Connectors in Space
The space market is booming and connector suppliers are finding more and more opportunities to be a part of it. However, strict regulations and extreme environmental conditions add to the challenges suppliers face as they launch their space-grade connectors into what is quickly becoming a growth industry.
Because of the high cost of deployment and the difficulty of serviceability, everything that goes into space, from the people to the tiniest components, must meet stringent requirements. Connectors used in rockets and satellites must be tested and approved by the appropriate space agency for the country from which they are deployed. They must withstand the rigors of traveling at high speed, which includes shock and vibration, while they are subjected to extreme temperatures, radiation, static, and electromagnetic interference (EMI). And they must reliably perform some very specific functions.
Military standards make the perfect starting point
Products from connector suppliers that already meet military standards are a good fit for rockets because they are readily adaptable to the harsh environments rockets encounter. One example is Amphenol Pcd’s RNJ series, a blind mate 38999 pin and socket connector used for data transfer to the rocket. “The RNJ is very rugged, based on the design of a MIL-DTL-38999 military connector,” said Matt O’Leary, field application engineer. “Customers in this market have a need for blind mate connectors and this is a perfect solution for these applications. They can transfer both data or power and are widely used in this market. There are not many connectors that are blind mate that can also handle the environments that this connector can.”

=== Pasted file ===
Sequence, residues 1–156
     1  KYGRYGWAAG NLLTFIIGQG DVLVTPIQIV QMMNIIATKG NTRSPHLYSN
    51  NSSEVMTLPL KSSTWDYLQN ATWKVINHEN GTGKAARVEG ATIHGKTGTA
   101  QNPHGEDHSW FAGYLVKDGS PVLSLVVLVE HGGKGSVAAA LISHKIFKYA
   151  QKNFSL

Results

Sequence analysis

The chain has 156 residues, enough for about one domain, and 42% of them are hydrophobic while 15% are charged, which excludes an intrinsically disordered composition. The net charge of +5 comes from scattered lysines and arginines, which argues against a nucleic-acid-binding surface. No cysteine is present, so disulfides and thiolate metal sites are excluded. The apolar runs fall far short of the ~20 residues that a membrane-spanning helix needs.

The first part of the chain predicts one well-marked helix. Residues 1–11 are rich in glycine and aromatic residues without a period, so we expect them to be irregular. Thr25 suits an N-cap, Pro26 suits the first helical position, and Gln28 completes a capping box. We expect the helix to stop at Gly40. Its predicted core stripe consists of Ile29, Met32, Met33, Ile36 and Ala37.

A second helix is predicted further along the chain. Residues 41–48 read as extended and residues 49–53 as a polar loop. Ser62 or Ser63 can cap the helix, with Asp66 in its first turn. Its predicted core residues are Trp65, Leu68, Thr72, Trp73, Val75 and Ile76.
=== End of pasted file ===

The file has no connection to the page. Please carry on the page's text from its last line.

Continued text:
Still, supplying connectors for space has its own challenges. Because of the high degree of confidentiality, suppliers typically get only the basic information about what is needed. “Generally speaking, we get the information that we have to have: the application area, the environment that the product will be in, and the connector and cabling that they’re using. When it comes to designing in, we get only the high level application details such as what area it will be in, what the cabling diameter is, what program it’s involved with,” said Edan MacFarlane, a senior product specialist who manages the backshell and dust cap line at Amphenol Pcd.